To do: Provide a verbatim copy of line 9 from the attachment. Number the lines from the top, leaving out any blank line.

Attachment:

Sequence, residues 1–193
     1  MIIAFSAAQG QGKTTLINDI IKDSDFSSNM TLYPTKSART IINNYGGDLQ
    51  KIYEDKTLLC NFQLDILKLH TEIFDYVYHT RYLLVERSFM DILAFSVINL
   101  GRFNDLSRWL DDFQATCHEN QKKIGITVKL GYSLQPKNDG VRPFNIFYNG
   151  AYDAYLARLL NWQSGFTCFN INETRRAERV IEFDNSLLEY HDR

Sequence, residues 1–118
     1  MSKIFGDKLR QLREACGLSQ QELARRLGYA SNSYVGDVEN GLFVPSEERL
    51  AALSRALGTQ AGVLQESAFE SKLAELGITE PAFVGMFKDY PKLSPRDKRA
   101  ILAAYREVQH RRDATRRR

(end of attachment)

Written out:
   101  ILAAYREVQH RRDATRRR